Best Available Control Technology (BACT) - For any stationary source the more stringent of:
             
1. The most effective emission control device, emission limit, or technique which has been required or used for the type of equipment comprising such stationary source unless the applicant demonstrates to the satisfaction of the Air Pollution Control Officer that such limitations are not achievable; or
2. Any other emission control device or technique determined to be technologically feasible and cost-effective by the Air Pollution Control Officer. Under no circumstances shall BACT be determined to be less stringent than the emission control required by any applicable provision of District, State, federal, or Air Resources Board laws or regulations, unless the applicant demonstrates to the satisfaction of the Air Pollution Control Officer that such limitations are not achievable.


14. Mariposa County Air Pollution Control District

         Regulation I, Rule 102 (Adopted: unknown)
Best Available Control Technology. An emission limitation, based on the maximum degree of reduction for a criteria pollutant or precursor which would be emitted from any source or modification which the Air Pollution Control Officer, on a case-by-case basis, taking into account energy, environmental and economic impacts, and other costs, determines is achievable for such source or modification through application of production processes or available control methods, systems, and techniques, for such pollutant. In no case shall application of best available control technology result in emissions of any pollutant of [or] precursor which would exceed the emissions allowed by 40 CFR Part 60 and 61. If the Air Pollution Control Officer determines that technological or economic limitations on the application of measurement technology to a particular class of sources would make the imposition of an emission standard infeasible, he may instead prescribe a design [,] equipment, work practice or operations standard, or combination thereof. Such standard shall, to the degree possible, set forth the emission reduction achievable by implementation of such design, equipment, work practice or operation and shall provide for compliance by means which achieve equivalent results.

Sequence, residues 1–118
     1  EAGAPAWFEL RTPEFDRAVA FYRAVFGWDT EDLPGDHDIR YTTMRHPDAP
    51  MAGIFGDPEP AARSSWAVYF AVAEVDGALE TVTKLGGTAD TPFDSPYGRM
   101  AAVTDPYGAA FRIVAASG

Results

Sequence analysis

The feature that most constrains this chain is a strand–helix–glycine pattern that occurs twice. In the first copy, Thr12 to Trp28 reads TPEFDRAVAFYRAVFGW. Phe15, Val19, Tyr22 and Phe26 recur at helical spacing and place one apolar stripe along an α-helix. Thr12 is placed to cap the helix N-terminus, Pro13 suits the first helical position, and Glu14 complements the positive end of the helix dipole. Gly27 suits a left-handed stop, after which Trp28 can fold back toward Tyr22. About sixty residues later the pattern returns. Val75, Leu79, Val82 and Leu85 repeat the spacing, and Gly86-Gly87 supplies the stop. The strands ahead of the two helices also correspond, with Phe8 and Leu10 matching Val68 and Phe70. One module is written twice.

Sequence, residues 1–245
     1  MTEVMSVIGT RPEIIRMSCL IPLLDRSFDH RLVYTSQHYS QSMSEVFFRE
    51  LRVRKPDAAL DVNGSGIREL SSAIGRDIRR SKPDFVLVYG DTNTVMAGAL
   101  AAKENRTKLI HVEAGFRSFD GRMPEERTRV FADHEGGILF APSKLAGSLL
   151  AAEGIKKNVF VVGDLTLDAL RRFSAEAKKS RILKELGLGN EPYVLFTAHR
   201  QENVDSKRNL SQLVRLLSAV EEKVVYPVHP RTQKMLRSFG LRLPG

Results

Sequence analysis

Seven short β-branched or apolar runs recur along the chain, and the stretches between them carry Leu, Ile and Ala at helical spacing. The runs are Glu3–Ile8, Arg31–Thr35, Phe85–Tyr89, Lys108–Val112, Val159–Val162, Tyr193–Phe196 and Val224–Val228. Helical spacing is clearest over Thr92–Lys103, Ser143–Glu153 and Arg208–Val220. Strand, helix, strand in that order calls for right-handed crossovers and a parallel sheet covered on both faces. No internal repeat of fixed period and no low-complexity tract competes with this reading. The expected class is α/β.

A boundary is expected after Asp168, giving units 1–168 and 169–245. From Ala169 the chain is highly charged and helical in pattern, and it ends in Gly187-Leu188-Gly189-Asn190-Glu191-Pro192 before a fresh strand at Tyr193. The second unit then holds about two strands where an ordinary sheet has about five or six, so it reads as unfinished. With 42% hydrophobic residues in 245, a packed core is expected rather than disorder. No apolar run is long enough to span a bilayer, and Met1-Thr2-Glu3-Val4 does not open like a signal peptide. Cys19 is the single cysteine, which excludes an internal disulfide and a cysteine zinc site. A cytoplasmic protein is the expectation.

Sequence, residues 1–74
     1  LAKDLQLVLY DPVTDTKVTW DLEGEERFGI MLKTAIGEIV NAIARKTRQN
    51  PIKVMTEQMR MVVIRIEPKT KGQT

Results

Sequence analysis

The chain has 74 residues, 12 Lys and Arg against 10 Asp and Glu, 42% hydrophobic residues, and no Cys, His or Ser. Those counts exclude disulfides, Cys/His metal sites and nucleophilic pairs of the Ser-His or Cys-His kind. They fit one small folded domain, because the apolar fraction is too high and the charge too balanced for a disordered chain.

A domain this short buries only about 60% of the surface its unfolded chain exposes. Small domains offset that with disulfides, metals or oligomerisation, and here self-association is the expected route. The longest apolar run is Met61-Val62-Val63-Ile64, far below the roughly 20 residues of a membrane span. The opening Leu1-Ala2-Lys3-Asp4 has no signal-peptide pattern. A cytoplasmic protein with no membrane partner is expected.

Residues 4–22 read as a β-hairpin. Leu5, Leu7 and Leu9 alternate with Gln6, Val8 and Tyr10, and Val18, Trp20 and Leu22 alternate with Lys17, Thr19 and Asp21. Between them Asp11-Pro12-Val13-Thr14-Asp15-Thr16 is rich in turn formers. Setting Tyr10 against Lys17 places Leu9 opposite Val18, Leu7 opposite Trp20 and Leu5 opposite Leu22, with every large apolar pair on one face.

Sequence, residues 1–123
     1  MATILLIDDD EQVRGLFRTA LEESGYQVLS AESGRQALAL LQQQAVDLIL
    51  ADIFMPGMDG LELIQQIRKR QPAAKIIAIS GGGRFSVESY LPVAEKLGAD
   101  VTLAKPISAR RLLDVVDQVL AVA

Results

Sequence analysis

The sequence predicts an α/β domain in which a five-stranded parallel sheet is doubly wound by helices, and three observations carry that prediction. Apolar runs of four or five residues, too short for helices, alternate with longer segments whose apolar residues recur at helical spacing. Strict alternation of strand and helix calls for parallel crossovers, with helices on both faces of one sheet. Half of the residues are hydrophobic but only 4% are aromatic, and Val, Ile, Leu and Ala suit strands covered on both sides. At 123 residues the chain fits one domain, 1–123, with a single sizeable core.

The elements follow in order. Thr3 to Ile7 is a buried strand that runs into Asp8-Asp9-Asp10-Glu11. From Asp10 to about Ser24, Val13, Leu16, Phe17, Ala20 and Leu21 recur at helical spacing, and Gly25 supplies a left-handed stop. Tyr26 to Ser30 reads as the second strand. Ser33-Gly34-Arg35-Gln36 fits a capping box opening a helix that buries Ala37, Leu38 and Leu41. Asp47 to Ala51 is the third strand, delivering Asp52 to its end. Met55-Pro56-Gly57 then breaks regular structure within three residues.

Regulation I, Rule 102 (Adopted: unknown)
Lowest Achievable Emission Rate. For any source, the most stringent of:
             
A. The most effective emission limitation which the Environmental Protection Agency certified is contained in the implementation plan of any state approved under the Clean Air Act for such class or category of source, unless the owner or operator of the proposed source demonstrates to the satisfaction of the Air Pollution Control Officer that such limitation is not achievable; or
B. The most effective emissions control technique which has been achieved in practice, for such category or class of source; or
C. Any other emissions control technique found, after public hearing, by the Air Pollution Control Officer to be technologically feasible and cost effective for such class or category of sources or for a specific source.
         In no event shall the application of lowest achievable emission rate allow for emissions in excess of those allowable under 40 CFR Part 60.


15. Mendocino County Air Quality Management District

         Regulation I, Chapter I, Rule 130 (b2). (Adopted: June 14, 1988)